Yesterday we explained what a VPN is and covered the benefits of using one. Today we’re examining how to figure out if you have a trustworthy VPN provider. In place of your ISP, your VPN provider receives your browsing data, and it’s good to shop around and compare privacy policies.
What Do You Want?
There are many uses that a VPN can provide, but security and privacy are important ones. If security is your main concern, then most VPNs give you an extra layer of protection by encrypting data between you and the VPN’s servers. That protects it from local spying eyes, including your own ISP.
Having privacy as your main concern is a different story. You have to trust that your VPN provider itself isn’t watching what you do, including tracking and monitoring your data for profit, or for answering to their own local government’s warrants. In this, you’ll have to keep a careful eye out before you fully commit to a VPN.
What To Look For
Paid VPN providers are different. You can start by looking for a provider that markets itself as a privacy service. You can mostly ignore marketing terms like “NSA Proof” or even “military-grade encryption,” but you should look out for something called logging. An easy way to do this is just to Google the provider name and “logging.”
You’ll also want to find out if using a VPN is legal in your country. Some countries, like China and Russia, have made the use of VPNs illegal. TheBestVPN.com put together an exhaustive list that reviews the laws of 196 countries around the world. So far, only 6 have banned VPN usage.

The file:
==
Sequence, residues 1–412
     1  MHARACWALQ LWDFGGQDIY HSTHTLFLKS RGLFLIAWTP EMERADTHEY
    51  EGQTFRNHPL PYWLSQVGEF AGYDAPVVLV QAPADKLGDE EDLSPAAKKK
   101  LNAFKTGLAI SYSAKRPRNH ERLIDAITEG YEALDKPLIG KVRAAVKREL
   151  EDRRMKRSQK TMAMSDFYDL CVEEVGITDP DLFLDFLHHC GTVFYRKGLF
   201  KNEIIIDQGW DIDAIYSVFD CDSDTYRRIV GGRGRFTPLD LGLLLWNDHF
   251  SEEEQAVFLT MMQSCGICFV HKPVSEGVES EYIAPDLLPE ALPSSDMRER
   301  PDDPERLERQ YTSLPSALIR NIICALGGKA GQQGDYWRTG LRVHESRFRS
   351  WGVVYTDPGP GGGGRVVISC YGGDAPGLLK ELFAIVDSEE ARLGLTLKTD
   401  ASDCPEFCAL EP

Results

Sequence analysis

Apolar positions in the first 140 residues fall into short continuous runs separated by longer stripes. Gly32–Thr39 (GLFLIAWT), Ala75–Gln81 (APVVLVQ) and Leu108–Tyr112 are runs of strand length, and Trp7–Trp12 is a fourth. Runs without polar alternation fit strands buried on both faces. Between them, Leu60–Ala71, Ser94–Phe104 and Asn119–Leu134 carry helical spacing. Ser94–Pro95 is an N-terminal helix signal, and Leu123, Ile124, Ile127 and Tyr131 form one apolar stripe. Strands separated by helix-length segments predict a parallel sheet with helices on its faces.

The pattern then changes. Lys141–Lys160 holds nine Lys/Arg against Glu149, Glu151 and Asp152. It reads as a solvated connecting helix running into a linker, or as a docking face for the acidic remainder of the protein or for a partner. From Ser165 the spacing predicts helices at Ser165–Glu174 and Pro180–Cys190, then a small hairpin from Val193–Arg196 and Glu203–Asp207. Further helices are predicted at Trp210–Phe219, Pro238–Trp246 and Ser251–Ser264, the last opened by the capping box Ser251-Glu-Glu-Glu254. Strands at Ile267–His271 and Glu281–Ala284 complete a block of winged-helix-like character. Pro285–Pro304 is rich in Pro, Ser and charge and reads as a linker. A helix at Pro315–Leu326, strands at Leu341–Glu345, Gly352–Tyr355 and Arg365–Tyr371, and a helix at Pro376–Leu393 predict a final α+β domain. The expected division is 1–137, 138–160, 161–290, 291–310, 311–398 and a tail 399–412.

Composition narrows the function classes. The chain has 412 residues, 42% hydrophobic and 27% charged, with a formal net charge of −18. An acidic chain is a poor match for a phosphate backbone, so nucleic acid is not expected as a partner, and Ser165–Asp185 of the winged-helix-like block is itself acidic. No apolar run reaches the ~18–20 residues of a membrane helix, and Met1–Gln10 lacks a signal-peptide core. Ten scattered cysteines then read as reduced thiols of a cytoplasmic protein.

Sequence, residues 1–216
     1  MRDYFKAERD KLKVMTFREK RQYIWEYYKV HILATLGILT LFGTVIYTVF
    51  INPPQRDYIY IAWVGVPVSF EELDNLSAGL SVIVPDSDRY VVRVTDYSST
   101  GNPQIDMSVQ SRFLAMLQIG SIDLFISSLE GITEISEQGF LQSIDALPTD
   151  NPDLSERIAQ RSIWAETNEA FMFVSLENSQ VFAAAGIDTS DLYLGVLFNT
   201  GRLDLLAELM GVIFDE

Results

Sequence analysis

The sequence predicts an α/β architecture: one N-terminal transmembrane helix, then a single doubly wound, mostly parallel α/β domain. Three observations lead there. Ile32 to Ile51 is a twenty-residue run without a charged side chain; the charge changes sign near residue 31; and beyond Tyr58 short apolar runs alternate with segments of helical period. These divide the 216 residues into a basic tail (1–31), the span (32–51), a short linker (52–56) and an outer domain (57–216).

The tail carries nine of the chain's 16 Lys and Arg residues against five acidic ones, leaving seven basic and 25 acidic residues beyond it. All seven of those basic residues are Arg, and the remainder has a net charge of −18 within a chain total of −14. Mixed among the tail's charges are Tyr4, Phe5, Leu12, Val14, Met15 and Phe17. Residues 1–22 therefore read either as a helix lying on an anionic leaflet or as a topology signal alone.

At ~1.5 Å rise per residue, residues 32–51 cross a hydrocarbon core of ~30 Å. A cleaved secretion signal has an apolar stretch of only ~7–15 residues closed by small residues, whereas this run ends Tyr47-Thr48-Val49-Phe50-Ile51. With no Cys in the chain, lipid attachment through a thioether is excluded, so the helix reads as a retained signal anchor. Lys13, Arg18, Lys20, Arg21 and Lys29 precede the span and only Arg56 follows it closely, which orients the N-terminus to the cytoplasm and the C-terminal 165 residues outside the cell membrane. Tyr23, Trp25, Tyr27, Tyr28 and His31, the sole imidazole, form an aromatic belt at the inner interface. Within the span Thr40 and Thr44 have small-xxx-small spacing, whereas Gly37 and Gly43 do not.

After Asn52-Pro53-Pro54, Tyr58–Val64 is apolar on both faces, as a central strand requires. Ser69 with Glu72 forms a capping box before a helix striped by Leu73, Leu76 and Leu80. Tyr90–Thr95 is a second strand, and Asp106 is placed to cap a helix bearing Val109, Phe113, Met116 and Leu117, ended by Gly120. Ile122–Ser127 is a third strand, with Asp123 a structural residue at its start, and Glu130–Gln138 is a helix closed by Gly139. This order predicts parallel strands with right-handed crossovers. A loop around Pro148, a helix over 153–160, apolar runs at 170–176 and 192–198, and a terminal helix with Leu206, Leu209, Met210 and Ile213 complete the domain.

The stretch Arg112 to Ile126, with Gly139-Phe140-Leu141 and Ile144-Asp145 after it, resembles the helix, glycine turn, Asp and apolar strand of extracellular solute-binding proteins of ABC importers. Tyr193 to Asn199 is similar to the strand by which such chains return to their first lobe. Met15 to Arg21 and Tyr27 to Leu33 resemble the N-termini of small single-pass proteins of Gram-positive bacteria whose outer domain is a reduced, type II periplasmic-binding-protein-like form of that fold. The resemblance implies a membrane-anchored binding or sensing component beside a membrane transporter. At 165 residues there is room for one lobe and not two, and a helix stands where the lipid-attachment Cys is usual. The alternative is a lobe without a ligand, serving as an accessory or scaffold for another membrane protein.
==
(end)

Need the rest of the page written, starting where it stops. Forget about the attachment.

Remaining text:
Some VPN providers keep minimal logs, others keep no logs at all. Maybe the provider keeps access logs only in order to bill you. If they do log, make sure they delete them after a certain time—say, daily or weekly.
Be wary of VPN providers that say they keep any logs that are required by law. This means whatever law enforcement asks them for, which could really be anything—especially for VPNs operating outside the U.S. You can also contact the provider directly and ask them about their data retention and logging policies.
Don’t assume that because your VPN provider is in another country, that they are safer. If government surveillance is your main concern, don’t use providers in a Five Eyes country. The Five Eyes are Australia, Canada, New Zealand, United Kingdom and the United States. This refers to the level of cooperation surrounding their spy agencies like the NSA and GCHQ.
When you’re doing your research, examine what type of encryption they use, security features they offer, and whether they have been audited by a third party. Read reviews of the VPN provider and make sure they are unbiased and independent, which can sometimes be difficult.
By doing enough research you should be able to find a trustworthy VPN. The best providers will welcome your questions and go out of their way to help and reassure you.